The Media Big Six
The push by federal regulators to break
up Microsoft is big news. Until recently, the software giant seemed untouchableand
few people demanded effective anti-trust efforts against monopoly power in
the software industry. These days, a similar lack of vision is routine in
looking at the media business.
Today, just six corporations have a forceful grip on Americas mass media.
When The Media Monopoly first appeared on bookshelves in 1983, author
Ben Bagdikian explains, 50 corporations dominated most of every mass
medium. With each new edition, that number kept droppingto 29
media firms in 1987, 23 in 1990, 14 in 1992, and 10 in 1997.
Published this spring, the sixth edition of The Media Monopoly documents
that just a half-dozen corporations are now supplying most of the nations
media fare. Bagdikian, a longtime journalist, continues to sound the alarm.
It is the overwhelming collective power of these firms, with their corporate
interlocks and unified cultural and political values, that raises troubling
questions about the individuals role in the American democracy.
What are the chances that Bagdikianor anyone elsewill be invited
onto major TV broadcast networks to discuss the need for vigorous antitrust
enforcement against the biggest media conglomerates? Lets see:
CBS: Not a good bet, especially since its merger with Viacom (one of the
Big Six) was announced last fall.
NBC: Quite unlikely. General Electric, a Big Six firm, has owned NBC since
ABC: Forget it. This network became the property of the Disney Co. five
years ago. Disney is now the countrys second-largest media outfit.
Fox: The Fox network is owned by Rupert Murdochs News Corp., currently
number four in the media oligarchy.
Then theres always cable television, with several networks devoted to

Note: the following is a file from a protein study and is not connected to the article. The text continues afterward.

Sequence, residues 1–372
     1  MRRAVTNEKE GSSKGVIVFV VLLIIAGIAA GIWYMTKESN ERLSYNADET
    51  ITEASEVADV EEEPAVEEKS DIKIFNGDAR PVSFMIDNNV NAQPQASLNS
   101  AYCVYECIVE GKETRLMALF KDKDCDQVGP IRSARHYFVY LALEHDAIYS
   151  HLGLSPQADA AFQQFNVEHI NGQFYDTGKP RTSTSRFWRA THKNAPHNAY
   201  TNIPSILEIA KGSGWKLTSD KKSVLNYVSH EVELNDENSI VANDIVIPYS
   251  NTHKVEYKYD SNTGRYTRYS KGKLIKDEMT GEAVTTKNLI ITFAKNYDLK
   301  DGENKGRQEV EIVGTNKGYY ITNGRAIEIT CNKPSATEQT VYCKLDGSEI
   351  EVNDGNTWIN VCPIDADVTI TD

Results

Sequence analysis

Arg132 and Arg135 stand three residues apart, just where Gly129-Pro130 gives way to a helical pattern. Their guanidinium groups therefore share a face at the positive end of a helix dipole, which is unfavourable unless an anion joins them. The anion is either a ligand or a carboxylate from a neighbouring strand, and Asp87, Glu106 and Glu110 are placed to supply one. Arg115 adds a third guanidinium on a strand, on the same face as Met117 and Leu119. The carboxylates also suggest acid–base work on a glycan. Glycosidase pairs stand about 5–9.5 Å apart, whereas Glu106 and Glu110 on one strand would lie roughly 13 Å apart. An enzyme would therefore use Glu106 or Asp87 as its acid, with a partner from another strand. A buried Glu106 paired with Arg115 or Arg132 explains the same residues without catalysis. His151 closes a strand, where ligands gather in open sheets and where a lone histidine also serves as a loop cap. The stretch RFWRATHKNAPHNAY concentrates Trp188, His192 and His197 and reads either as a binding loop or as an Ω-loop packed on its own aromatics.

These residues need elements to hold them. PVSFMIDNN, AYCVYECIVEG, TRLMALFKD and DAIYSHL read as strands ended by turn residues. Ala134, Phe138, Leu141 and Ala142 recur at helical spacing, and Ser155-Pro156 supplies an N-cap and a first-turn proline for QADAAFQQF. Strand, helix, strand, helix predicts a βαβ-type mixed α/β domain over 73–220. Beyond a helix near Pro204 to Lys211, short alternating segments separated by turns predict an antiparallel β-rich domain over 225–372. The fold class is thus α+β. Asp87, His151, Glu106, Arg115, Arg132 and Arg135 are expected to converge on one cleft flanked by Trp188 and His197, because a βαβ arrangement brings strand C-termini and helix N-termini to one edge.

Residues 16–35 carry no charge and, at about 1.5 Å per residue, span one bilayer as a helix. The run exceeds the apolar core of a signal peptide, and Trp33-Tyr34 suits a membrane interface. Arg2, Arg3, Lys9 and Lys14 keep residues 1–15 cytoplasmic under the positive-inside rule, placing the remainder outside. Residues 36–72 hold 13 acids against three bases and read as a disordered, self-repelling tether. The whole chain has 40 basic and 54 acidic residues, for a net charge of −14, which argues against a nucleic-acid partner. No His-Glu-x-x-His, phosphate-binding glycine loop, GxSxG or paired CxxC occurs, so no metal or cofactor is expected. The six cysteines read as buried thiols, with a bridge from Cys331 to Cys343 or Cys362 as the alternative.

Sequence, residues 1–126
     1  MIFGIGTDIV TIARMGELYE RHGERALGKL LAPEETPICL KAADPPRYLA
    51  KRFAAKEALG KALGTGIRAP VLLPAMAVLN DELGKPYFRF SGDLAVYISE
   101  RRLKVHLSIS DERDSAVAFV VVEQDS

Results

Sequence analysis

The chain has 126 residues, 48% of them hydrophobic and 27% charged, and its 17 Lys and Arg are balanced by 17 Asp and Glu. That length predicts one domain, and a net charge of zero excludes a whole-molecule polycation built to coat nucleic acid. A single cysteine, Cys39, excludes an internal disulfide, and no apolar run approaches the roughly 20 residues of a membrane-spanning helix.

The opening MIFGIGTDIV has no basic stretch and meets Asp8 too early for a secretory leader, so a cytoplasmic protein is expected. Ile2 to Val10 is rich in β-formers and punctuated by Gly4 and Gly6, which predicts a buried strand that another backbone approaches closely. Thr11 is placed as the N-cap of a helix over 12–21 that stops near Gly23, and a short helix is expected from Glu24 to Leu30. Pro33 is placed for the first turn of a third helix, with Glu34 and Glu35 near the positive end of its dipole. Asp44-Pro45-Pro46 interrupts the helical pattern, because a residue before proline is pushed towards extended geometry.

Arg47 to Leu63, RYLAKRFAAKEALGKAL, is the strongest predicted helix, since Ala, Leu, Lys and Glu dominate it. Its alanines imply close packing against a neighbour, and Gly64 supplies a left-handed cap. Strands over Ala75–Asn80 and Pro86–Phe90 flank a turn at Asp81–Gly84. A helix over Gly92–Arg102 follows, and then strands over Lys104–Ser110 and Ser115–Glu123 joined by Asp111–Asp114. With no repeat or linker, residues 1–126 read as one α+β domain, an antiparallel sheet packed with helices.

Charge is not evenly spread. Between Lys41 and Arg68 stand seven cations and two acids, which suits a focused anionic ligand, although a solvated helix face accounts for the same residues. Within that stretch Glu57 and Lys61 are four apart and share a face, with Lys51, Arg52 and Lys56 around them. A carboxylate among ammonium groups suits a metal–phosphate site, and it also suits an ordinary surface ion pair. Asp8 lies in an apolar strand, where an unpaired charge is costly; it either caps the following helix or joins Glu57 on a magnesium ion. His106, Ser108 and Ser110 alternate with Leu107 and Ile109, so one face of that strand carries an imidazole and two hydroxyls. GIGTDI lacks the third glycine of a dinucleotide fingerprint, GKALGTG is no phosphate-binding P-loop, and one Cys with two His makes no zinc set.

CNN: The worlds biggest media conglomerate, Time Warner, owns CNNwhere
antitrust talk about undue concentration of media power is about as welcome
as the Internationale sung at a baseball game in Miami.
CNBC: Sixth-ranked General Electric owns this cable
MSNBC: Spawned as a joint venture of GE and Microsoft, the MSNBC network
would see activism against media monopoly as double trouble.
Fox News Channel: The Fox cable programming rarely wanders far from the
self-interest of News Corp. tycoon Murdoch.
Since all of those major TV news sources are owned by one of the Big Six,
the chances are mighty slim that youll be able to catch a discussion
of media antitrust issues on national television.
Meanwhile, the only Big Sixer that doesnt possess a key U.S. television
outletthe Bertelsmann firm based in Germanyis the most powerful
company in the book industry. It owns the mammoth publisher Random House,
and plenty more in the media universe. Bertelsmann is the worlds
third largest conglomerate, Bagdikian reports, with substantial
ownership of magazines, newspapers, music, television, on-line trading, films,
and radio in 53 countries. Try pitching a book proposal to a Random
House editor about the dangers of global media consolidation.
Well, you might comfort yourself by thinking about cyberspace. Think again.
The dominant Internet service provider, America Online, is combining with
already-number-one Time Warner and the new firm AOL Time Warner would
have more to lose than any other corporation if a movement grew to demand
antitrust action against media conglomerates.
Amid rampant overall commercialization of the most heavily trafficked websites,
AOL steers its 22 million subscribers in many directionsand, in the
future, Time Warners offerings will be most frequently highlighted.
While seeming to be gateways to a vast cybergalaxy, AOLs favorite links
will remain overwhelmingly corporate friendly within a virtual cul-de-sac.
Hype about the new media seems boundless, while insatiable old hungers for
maximum profits fill countless screens. Centralization is the order of the
media day. As Bagdikian points out: The power and influence of the dominant
companies are understated by counting them as six. They are intertwined:
they own stock in each other, they cooperate in joint media ventures, and
among themselves they divide profits from some of the most widely viewed programs
on television, cable and movies.
We may not like the nations gigantic media firms, but right now they
dont care much what we think. A strong antitrust movement aimed at the
Big Six could change such indifference in a hurry. Z
Norman Solomon is a syndicated columnist. His latest book is The
Habits of Highly Deceptive Media.